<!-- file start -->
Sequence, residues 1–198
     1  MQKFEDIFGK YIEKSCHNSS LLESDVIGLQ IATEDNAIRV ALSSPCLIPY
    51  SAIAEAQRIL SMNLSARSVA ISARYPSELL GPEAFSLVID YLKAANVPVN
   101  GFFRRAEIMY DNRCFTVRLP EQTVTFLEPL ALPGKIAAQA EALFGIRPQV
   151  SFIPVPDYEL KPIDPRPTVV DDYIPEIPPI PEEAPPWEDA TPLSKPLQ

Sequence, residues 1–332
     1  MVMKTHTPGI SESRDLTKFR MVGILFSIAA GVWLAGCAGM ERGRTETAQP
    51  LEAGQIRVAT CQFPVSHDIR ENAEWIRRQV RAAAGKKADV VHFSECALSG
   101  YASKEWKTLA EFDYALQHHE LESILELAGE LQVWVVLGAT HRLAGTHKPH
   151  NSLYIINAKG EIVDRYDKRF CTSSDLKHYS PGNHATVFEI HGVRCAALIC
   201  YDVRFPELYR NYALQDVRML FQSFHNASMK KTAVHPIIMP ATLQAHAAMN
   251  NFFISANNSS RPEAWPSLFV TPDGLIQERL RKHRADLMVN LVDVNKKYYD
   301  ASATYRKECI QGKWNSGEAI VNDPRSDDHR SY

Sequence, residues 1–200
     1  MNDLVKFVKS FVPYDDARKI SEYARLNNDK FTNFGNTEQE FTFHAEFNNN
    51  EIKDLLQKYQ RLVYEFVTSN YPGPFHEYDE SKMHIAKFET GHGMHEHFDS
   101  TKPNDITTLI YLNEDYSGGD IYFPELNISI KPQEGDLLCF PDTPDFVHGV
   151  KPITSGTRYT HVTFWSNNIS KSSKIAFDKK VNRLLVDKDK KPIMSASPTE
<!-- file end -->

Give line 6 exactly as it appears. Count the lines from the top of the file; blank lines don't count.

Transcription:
Sequence, residues 1–332